scanner.l

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%{
    // before matching any pattern, update the the current location
    yylloc->step();
%}

I/\(                        LITERAL
H/\(                        LITERAL

[[:alpha:]][[:alnum:]_]*    STR_TOKEN(NAME)

[[:digit:]]+                NUM_TOKEN(NUM)
[[:digit:]]*\.[[:digit:]]+  NUM_TOKEN(NUM)

\+                          INT_TOKEN(SIGN, ast::SIGN_PLUS)
\-                          INT_TOKEN(SIGN, ast::SIGN_MINUS)

==?                         INT_TOKEN(REL, ast::REL_EQ)
\<=                         INT_TOKEN(REL, ast::REL_LE)
\>=                         INT_TOKEN(REL, ast::REL_GE)

#.*                         {/* eat comments */}
[ \t]                       {/* eat whitespace */}

\n                          yylloc->lines(1); LITERAL

                            /* forward everything else, even invalid
                             * tokens - making use of bison's automatic
                             * error messages */
.                           LITERAL

%%

The final section can contain arbitrary code. This is the perfect place to implement methods of our scanner class.

scanner.l

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yy::scanner::scanner(std::istream* in, std::ostream* out)
    : yyFlexLexer(in, out)
{
}

// Flex generates the code for `yy::scanner::lex` (see YY_DECL).

// This must be defined manually to prevent linker errors:
int yyFlexLexer::yylex()
{
    throw std::logic_error(
        "The yylex() exists for technical reasons and must not be used.");
}

AST

Before we dive into the parser, let's have a short look at our AST:

ast.hpp

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#ifndef __AST_HPP__INCLUDED__
#define __AST_HPP__INCLUDED__

# include <string>
# include <vector>

namespace ast
{

    enum {
        SIGN_PLUS,
        SIGN_MINUS
    };

    enum {
        REL_EQ,
        REL_LE,
        REL_GE
    };

    typedef std::vector<std::string>    VarList;
    typedef std::vector<VarList>        VarCore;

    struct Quantity
    {
        VarCore parts;
        VarList cond;
    };

    struct Term
    {
        double coefficient;
        Quantity quantity;

        inline Term& flip_sign(int s)
        {
            if (s == SIGN_MINUS) {
                coefficient = -coefficient;
            }
            return *this;
        }
    };

    typedef std::vector<Term> Expression;

    struct Relation {
        Expression left;
        int relation;
        Expression right;
    };

    typedef VarCore MutualIndependence;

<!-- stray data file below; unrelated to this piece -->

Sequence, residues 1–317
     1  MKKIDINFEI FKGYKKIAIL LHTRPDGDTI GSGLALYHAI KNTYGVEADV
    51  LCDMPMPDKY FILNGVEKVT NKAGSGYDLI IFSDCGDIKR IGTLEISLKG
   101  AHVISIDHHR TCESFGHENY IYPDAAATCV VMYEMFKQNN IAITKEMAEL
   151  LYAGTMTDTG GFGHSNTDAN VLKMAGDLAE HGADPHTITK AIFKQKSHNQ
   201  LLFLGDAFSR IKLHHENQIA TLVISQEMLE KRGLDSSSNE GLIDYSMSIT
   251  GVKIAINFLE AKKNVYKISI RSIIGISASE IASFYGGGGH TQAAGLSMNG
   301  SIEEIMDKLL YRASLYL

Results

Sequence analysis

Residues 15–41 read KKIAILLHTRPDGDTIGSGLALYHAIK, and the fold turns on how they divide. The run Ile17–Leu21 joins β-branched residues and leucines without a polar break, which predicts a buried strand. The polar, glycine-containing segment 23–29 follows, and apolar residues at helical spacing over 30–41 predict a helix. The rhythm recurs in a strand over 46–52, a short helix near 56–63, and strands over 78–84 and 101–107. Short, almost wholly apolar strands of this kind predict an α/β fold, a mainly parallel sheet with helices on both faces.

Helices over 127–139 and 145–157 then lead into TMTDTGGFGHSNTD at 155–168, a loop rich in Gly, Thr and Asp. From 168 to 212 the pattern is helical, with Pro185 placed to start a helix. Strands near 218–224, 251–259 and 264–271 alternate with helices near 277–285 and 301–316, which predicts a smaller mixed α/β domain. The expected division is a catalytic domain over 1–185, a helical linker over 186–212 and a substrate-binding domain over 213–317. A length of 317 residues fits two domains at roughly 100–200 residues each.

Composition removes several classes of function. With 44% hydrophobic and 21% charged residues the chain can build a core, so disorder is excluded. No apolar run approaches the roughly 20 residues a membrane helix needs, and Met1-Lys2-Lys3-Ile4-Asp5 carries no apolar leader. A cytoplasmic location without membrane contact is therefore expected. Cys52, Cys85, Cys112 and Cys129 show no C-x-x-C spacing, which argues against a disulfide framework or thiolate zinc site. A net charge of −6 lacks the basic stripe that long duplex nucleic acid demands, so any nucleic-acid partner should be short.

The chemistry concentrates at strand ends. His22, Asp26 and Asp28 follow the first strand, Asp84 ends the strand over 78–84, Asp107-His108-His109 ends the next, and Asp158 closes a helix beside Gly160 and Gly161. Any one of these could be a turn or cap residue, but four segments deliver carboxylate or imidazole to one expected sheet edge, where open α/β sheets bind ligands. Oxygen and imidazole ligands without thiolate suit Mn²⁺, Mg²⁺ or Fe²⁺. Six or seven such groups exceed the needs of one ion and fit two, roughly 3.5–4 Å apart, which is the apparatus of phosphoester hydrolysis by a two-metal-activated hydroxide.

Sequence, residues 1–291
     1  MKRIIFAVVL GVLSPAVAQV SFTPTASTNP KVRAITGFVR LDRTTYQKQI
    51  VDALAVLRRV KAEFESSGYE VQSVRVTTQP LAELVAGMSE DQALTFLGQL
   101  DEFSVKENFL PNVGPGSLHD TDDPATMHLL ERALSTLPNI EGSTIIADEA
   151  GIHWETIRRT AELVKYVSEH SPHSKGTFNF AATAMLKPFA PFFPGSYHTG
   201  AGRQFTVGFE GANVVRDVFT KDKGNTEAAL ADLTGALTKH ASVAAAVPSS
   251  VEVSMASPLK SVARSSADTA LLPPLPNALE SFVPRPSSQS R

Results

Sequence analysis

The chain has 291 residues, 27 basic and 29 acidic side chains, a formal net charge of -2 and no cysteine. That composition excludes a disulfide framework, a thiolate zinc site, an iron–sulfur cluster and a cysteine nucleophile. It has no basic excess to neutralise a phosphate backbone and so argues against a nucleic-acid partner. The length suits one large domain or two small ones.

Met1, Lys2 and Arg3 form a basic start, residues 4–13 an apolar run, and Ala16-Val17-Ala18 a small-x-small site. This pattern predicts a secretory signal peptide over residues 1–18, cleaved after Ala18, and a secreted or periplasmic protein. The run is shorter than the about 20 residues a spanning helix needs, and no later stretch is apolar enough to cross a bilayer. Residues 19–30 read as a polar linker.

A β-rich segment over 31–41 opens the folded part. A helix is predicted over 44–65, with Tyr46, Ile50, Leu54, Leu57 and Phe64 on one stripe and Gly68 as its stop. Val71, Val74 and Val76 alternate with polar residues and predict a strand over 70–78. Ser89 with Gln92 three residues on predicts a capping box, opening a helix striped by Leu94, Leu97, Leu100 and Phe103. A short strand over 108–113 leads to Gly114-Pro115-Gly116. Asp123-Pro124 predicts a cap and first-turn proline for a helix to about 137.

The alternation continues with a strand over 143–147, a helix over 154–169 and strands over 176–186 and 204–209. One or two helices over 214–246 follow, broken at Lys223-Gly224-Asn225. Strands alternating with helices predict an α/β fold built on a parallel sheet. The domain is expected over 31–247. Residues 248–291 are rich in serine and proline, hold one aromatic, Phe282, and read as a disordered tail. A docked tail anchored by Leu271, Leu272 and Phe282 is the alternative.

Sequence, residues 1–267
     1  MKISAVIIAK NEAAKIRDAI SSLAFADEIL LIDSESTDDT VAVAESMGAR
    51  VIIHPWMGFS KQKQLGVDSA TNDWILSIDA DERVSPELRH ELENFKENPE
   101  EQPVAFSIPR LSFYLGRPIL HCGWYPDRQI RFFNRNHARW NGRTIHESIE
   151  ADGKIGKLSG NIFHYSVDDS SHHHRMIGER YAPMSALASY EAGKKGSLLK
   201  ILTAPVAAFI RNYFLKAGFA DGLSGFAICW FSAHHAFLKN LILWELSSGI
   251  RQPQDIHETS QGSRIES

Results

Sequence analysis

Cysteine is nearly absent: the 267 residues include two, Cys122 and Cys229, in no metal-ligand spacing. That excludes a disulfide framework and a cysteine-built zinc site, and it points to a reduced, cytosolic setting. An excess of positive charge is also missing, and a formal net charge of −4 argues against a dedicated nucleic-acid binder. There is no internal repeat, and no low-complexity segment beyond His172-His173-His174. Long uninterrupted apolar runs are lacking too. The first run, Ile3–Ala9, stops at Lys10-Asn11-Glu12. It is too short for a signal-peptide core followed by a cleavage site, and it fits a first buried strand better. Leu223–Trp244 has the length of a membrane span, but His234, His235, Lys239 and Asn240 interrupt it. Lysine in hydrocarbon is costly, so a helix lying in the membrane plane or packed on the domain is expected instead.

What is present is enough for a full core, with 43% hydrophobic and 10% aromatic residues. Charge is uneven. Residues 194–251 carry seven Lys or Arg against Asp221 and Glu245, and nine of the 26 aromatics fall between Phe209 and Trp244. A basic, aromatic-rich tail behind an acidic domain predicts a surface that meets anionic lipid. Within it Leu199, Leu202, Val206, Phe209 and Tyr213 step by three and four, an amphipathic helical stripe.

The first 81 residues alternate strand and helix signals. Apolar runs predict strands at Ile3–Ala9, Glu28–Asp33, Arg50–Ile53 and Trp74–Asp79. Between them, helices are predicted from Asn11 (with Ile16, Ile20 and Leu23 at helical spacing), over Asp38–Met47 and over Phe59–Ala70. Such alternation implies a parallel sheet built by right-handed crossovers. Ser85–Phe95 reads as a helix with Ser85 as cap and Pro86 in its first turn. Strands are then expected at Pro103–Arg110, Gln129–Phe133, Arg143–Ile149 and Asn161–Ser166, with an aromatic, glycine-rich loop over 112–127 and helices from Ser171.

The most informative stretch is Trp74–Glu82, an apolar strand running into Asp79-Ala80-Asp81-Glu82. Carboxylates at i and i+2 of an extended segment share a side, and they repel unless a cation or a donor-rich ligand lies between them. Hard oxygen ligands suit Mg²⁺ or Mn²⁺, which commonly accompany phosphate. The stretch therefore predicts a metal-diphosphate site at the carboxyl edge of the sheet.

typedef VarCore MarkovChain;

    struct FunctionOf {
        VarList function, of;
    };

}

#endif // include-guard

Again, you can safely ignore the details. Just note that I prefer to work with simple structs and standard library containers as opposed to classes with virtual methods. This means that I get automatic support for initializer lists and that the data is easy to keep on the stack without requiring pointer semantics. If you somewhere do need polymorphic behaviour, I recommend to use a smart pointer such as std::shared_ptr.

Parser

Bison too supports thread-safe interfaces (the Bison term being pure) in both C++ as well as plain C. The main advantage of the Bison C++ API over pure C parsers is that it allows to store the result of actions in a variant instead of a union. Apart from simplifying the access notation, this also means that even non-POD objects such as std::vector can be stored on the stack without having to worry about cleanup. We will set up Bison to generate a class with the following interface:

namespace yy {
    class parser {
    public:
        parser(yy::scanner* input, ParserOutput* output);
        int parse();
    };
}

The output callback is a simple interface to return results. The scanner argument is used to retrieve a stream of tokens by calling its lex method repeatedly.

The Bison parser is defined in a .y bison source file. This file is structured similar to the Flex file discussed above: It has three sections separated by %%. The first section has multiple purposes. We start by setting parser options:

parser.y

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%output  "parser.cxx"